It can't be that common.

Maybe I'm crazy, but I don't think most people have dressed in blackface, taken photos with a Ku Klux Klan hood on, or if they did either of these, they didn't enshrine the moment by putting it on their medical school yearbook page.

Apparently, Colonel Morris D. Davis, who was a prosecutor at Guantanamo Bay and shares his opinions in major newspapers and across cable news networks, disagrees. He says that if a man like Virginia Governor Ralph Northam can be held accountable for racist words and actions 35 years ago, then we will have no elected officials.

This weekend, Col. Davis tweeted, "If doing anything offensive 35 years ago is disqualifying regardless of the life you’ve led most white, male, straight southerners who despise the GOP & aren’t welcome in (the Democratic Party) they need a 3rd party that’s not unforgiving."

I don't think the Democrats want to be known as the party that is forgiving Gov. Northam, who used both the nicknames Goose and Coonman in his Virginia Military Institute yearbook. That seems like more than an isolated incident.

For those who want to say his public life has provided evidence of the Governor behaving very differently toward minorities, I would like to point out what "political expedience" means and also use as evidence the fact that Northam still found it very entertaining that he applied shoe polish to use blackface in order to wear a Michael Jackson Halloween costume. He would have moonwalked in his press conference Saturday if his wife hadn't been there to tell him it was inappropriate.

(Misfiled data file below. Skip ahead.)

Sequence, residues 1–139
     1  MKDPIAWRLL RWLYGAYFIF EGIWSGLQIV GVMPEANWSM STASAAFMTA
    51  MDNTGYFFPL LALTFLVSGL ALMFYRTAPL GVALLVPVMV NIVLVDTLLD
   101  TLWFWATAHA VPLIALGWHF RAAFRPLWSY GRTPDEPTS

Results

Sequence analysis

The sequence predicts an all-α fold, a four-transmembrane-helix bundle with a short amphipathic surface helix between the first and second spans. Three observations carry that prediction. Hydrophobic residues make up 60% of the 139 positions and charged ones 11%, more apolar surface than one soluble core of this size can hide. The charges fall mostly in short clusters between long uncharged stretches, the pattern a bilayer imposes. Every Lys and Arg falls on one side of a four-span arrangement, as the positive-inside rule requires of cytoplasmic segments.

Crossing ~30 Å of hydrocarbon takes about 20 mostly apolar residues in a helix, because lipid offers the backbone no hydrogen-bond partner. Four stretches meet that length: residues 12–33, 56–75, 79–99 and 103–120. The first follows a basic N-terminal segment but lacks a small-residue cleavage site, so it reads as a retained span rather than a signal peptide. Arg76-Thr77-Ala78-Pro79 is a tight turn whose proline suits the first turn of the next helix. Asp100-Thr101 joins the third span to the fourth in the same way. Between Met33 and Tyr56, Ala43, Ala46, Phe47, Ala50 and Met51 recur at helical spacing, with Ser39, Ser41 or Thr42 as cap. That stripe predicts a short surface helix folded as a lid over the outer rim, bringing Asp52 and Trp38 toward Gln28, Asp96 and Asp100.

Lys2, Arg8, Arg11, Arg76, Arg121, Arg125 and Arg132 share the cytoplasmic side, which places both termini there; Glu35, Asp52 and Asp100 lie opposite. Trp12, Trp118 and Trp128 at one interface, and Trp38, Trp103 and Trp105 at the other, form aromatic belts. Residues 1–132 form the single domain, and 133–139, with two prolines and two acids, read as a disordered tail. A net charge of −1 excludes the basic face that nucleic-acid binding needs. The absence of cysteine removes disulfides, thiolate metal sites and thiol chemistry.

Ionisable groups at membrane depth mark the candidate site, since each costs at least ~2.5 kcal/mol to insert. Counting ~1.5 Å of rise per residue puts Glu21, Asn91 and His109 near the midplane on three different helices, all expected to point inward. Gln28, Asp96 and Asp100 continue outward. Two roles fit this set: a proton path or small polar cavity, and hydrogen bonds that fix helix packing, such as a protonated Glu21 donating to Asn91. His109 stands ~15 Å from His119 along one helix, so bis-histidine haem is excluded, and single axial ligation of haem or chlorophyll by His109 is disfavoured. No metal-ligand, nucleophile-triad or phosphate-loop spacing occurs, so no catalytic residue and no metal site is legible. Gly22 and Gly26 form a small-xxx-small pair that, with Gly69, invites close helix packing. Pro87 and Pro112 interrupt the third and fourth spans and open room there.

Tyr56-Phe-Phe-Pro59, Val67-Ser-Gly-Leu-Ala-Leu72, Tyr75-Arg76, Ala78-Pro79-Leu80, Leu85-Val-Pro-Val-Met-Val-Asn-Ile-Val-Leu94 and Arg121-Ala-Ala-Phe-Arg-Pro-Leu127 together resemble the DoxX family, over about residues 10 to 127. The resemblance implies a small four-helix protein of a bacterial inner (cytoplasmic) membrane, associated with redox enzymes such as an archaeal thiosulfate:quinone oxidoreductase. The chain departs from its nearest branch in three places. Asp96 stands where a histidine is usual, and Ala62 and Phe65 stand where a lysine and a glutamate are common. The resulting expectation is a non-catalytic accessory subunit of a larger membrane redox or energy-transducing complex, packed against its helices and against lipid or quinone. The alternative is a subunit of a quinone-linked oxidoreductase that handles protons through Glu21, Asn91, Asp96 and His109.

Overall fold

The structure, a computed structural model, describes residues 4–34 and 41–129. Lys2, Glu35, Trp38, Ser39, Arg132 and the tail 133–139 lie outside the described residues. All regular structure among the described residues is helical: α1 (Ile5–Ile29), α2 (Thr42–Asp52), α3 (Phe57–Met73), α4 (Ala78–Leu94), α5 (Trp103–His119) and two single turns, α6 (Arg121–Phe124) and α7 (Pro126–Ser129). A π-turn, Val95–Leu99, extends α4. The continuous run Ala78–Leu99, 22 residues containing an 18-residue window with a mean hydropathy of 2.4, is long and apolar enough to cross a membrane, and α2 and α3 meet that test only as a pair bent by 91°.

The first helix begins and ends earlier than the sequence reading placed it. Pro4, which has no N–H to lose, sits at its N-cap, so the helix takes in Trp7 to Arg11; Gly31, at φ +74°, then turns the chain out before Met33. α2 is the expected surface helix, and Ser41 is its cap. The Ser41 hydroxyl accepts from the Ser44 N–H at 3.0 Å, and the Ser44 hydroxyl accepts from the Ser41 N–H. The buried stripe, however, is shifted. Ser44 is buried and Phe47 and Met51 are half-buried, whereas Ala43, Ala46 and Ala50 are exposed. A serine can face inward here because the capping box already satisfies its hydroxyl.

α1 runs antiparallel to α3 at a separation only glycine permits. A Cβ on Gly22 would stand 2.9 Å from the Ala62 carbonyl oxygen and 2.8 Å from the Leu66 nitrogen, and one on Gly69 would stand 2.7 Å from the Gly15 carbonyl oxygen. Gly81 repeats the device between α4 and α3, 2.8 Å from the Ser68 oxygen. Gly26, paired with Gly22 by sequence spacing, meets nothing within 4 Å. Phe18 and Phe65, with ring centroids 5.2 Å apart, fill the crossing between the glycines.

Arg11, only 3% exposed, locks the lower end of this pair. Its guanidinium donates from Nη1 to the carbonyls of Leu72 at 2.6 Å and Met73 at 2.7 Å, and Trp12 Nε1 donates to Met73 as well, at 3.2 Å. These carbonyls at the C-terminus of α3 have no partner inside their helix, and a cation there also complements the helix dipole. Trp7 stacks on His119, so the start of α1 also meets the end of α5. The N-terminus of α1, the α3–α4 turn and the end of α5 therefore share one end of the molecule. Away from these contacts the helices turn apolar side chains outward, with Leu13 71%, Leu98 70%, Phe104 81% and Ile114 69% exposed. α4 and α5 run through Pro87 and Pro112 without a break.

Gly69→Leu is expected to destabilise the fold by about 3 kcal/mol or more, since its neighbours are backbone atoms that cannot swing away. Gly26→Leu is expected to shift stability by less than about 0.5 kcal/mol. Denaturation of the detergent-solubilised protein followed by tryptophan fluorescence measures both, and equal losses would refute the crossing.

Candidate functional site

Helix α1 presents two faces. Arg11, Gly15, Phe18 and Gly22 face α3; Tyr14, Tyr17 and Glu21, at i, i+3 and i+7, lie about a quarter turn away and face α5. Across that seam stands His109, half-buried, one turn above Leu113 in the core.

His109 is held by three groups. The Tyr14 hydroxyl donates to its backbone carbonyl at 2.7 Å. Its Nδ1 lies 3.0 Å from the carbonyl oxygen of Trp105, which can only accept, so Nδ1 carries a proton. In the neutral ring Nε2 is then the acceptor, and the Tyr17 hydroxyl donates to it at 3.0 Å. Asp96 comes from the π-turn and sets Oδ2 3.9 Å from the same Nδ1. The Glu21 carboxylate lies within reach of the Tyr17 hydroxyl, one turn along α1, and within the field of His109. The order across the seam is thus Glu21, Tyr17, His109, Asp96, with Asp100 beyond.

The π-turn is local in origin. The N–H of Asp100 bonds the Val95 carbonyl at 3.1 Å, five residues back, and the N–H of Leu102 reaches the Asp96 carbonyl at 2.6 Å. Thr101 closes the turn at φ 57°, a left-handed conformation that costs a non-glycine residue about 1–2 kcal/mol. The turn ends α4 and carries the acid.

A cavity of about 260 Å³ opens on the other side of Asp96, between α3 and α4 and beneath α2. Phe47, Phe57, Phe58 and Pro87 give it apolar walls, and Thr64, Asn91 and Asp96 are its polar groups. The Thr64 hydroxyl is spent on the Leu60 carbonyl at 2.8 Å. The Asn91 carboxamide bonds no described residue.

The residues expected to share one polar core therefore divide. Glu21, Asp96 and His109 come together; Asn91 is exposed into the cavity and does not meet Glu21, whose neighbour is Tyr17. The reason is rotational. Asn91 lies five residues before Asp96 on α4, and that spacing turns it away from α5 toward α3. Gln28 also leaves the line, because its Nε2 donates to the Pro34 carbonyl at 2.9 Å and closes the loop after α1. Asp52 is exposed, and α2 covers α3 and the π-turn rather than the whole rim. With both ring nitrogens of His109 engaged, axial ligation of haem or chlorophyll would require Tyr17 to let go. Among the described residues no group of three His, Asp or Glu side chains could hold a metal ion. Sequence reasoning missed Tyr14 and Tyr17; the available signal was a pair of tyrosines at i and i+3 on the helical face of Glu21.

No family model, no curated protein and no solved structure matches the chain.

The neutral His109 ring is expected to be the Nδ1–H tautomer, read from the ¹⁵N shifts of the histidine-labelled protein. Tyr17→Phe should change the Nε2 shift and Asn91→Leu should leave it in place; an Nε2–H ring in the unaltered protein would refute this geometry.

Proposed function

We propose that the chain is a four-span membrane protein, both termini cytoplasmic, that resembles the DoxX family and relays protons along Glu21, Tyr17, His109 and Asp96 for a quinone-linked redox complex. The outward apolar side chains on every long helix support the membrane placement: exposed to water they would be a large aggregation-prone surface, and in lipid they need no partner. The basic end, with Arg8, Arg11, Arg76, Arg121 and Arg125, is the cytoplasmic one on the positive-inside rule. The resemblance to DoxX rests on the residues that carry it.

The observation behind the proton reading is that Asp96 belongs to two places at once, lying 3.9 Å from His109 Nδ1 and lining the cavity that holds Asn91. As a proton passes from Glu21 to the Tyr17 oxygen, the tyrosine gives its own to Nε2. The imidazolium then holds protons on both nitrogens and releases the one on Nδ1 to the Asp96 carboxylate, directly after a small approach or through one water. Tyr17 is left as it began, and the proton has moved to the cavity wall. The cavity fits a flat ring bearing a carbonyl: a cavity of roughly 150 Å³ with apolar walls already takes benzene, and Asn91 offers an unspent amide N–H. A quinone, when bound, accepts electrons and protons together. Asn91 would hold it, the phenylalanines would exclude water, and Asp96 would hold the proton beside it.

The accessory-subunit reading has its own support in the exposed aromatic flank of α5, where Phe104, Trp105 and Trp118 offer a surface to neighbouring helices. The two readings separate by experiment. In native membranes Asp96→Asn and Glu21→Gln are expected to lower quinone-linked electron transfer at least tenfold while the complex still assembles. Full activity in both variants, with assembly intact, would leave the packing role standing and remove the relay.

For more than three decades, Northam had avoided celebrating the KKK or dressing in blackface in public. How much of that is a change in his beliefs and how much of it is simply being around people who finally told him that doing that publicly was bad for business?

There are racists everywhere. The scariest thing I can imagine is a racist who has learned to hide it. The girls at the University of Oklahoma who donned a black facial care mask and said racist things on social media because they thought it was funny are problematic. To me, it is worse when people hold far more insidious views, but they are smart enough not to record video and publish it for everyone to see. They work themselves into places of power and use that authority to discriminate against people whose skin tone is a little too dark.

As soon as the wildly inappropriate images started circulating, Republicans started sharpening their knives to take down Gov. Northam and his supporters. Unlike Republicans who have faced similar scandals (Rep Steve King supporting neo-Nazi candidates and espousing white supremacy and Mitch McConnell posing for photos in front of a Confederate Battle Flag) Democrats roundly called on Northam to resign.

Everything is bigger in Texas, and that apparently includes the hypocrisy as Sen. Ted Cruz decided to weigh in.

"Media fixation with blackface (“was he dressed as Michael Jackson?”) obscures the more damning point," Cruz tweeted Sunday. "Anybody who voluntarily chooses to celebrate the evil & bigoted KKK is unfit for public office. Media should be asking: did you select that picture to represent what you believe?"

He isn't wrong. Facts are facts.

But these facts are being spoken unironically from a man who chose Rep. Steve King to be his campaign co-chair.

That isn't exactly the moral high ground one should hold before making statements like that.

I don't care if you are a Democrat, Republican, whatever Bernie Sanders and Joe Lieberman are this week, if you wore blackface, supported white nationalists or celebrated the KKK in any way, you are disqualified from holding public office.

Redemption is possible. People can grow and change. But you simply can't represent people when their appearance has been a source of mockery or open racism against them has been part of your past.

The people of all races deserve better.